Curt


blueeyedclimber


Aug 4, 2005, 8:35 AM
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Arno,

Dealing with my ego, has perhaps, been the most important step in my climbing career thus far. I see it in two ways:
1. Early on i was very focused on grades and defined myself as a 5.xx climber. Now I don't even like to talk about it and I don't know how to answer anyone who asks what grade I climb. If someone really needs to know what I climb, then they can watch me, but I feel that telling someone a number does two things; gives them an impression of me that may or may not be true and also limits myself to live up to that. Maybe I am better than the number I gave.
2. THe second way I have seen my ego is my expectation that I have to succeed (finish a route). I would never back off before. Because of that it has caused at least two accidents. I have no problem backing off a route if I feel the need to. For example, I was leading a 5.3 in the Gunks. A nice leisurely climb. Well, I got to a point where it seemed to get a lot harder. I assumed I was off route and it was getting late. The old me would have been saying "come on, this is a 5.3, stop being such a pussy!" There happened to be a couple of pink tricams stuck in a hole so I left a biner and downclimbed to the last rapple station. Yeah, I could have finshed the pitch, but I didn't need to and I am fine with that.

Josh


arnoilgner


Aug 4, 2005, 1:56 PM
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Hi kimgraves,

Yes, you point out many types of ego distractions. What helps is to develop awareness when distractions happen. We do it by developing what I call the Witness position--that part of you that notices the attention leak. Then you can stop the leak and refocus attention onto the situation.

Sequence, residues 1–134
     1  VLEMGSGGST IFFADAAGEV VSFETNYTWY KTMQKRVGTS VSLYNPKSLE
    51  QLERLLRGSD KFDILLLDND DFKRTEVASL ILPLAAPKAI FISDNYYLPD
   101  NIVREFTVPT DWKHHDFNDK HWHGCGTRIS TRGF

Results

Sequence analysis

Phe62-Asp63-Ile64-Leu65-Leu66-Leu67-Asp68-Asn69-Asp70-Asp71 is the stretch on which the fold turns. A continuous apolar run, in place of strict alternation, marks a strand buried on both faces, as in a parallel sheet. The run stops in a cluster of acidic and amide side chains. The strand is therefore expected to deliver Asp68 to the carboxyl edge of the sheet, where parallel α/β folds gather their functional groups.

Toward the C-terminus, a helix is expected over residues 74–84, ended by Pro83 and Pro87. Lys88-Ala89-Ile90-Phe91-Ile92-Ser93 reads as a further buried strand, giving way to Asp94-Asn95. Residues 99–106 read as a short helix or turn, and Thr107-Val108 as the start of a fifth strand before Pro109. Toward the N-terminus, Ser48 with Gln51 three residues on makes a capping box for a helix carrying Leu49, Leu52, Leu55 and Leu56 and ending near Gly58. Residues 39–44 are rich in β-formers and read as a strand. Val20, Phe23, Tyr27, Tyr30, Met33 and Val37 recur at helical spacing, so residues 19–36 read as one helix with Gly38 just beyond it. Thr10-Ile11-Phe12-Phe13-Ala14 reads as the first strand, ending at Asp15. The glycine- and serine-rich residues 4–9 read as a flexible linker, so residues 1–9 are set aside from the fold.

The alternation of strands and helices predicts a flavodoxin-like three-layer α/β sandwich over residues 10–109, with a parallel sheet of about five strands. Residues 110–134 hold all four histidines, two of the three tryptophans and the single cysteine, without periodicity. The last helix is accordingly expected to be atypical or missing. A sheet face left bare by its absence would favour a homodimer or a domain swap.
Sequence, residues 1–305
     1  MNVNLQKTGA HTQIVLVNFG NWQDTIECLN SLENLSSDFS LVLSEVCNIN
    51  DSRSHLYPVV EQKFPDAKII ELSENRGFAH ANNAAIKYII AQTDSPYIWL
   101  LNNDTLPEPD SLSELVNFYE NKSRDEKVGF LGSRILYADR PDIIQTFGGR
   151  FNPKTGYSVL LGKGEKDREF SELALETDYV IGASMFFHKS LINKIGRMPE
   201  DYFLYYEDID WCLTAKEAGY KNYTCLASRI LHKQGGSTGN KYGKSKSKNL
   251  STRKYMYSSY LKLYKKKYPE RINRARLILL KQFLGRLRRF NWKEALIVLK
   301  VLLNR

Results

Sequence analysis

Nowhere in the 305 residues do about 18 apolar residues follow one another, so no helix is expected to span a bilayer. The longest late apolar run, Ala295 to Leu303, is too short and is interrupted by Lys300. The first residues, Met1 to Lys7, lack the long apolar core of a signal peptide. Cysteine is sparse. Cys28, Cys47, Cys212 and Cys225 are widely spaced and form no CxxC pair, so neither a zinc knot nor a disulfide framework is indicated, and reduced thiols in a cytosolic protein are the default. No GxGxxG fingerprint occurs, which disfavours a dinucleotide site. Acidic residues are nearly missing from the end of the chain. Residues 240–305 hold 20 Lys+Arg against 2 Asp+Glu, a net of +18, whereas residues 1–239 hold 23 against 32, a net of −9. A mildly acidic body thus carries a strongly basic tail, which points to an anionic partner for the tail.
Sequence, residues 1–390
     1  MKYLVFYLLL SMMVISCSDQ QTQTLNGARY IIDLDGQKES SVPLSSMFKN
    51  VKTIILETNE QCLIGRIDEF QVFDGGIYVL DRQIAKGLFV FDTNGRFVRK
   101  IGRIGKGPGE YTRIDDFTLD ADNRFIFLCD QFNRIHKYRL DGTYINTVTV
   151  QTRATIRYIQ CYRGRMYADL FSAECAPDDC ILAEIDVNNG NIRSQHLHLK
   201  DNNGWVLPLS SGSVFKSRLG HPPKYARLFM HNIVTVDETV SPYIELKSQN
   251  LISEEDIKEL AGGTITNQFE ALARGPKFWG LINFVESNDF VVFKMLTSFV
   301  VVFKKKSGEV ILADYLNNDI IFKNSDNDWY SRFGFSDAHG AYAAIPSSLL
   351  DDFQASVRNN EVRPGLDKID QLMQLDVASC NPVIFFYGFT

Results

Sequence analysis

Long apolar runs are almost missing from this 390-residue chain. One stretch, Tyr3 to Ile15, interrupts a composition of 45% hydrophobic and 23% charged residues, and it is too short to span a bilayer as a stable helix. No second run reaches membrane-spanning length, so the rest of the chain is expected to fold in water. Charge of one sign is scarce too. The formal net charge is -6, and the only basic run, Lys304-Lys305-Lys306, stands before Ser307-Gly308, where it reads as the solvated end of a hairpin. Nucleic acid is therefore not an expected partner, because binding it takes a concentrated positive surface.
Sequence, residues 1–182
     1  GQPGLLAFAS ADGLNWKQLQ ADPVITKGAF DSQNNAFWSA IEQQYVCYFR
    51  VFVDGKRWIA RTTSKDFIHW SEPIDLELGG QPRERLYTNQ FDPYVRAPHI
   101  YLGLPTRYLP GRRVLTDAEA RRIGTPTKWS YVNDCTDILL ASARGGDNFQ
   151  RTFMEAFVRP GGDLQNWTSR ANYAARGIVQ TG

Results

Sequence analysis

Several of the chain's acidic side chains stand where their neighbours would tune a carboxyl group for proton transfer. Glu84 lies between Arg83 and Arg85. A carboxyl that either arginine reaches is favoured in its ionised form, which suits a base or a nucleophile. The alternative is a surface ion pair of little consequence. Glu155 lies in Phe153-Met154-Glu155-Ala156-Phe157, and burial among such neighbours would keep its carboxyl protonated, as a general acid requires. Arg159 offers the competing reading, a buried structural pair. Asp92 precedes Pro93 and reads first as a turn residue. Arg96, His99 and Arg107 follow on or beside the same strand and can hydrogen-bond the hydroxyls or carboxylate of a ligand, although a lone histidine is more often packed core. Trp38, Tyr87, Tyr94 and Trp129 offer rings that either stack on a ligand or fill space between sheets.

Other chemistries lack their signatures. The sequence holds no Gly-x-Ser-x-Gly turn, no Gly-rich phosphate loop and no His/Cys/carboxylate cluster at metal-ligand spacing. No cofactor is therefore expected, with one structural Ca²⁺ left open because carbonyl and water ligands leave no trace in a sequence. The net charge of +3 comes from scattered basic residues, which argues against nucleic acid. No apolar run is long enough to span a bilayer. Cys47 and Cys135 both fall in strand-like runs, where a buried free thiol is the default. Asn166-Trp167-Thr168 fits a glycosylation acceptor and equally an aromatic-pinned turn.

best, arno


arnoilgner


Aug 4, 2005, 2:07 PM
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Hi Supe

Expectations! Seems like I'm hearing a lot about this lately. And it is interesting that "expectations" is the topic of my next newsletter.

Anyway, yes, we create an image of ourselves based on a performance (in this case your friend's 13b walkup) and then create expectations based on that. When we do that our attention is focused on that expectation instead of on climbing the best we can TODAY. It all boils down to attention. If we leak attention to some expectation we won't be effective in climbing what we are faced with today.

Again, like I mentioned to kimgraves, we need to be the Witness to these leaks and STOP them. Then refocus on climbing.
arno


arnoilgner


Aug 4, 2005, 2:21 PM
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Hello David (slcliffdiver)

Basically agree with you, and the pic of the little one smiling is a great example of your point. A few things to consider.

1. Yes, we must set goals. I recommend setting two types--destination and journey. The destination goals are like climbing certain routes or grades. The journey goals are specific skills, techniques, strengths (mental and physical) that need to be learned in order to accomplish the destination goals.

2. Expectation doesn't have to be an ego thing tied to the destination. You can have expectations on process. You can look at a climb and identify skills it will require, like jamming, stemming, crimping--all things you can do. So there isn't anything wrong with saying "I expect to be able to do those things because I've done them before." Expectations that focus attention onto what you need to do to climb the route are okay.

3. Joy vs. learning. If we could be motivated by joy all the time that would be best probably. But, we are in many situations in our lives where it is difficult to find joy. Take a tragedy or a job you don't particularly like. Probably difficult to find joy in it, but if we look for what we can learn we focus attention back into the moment.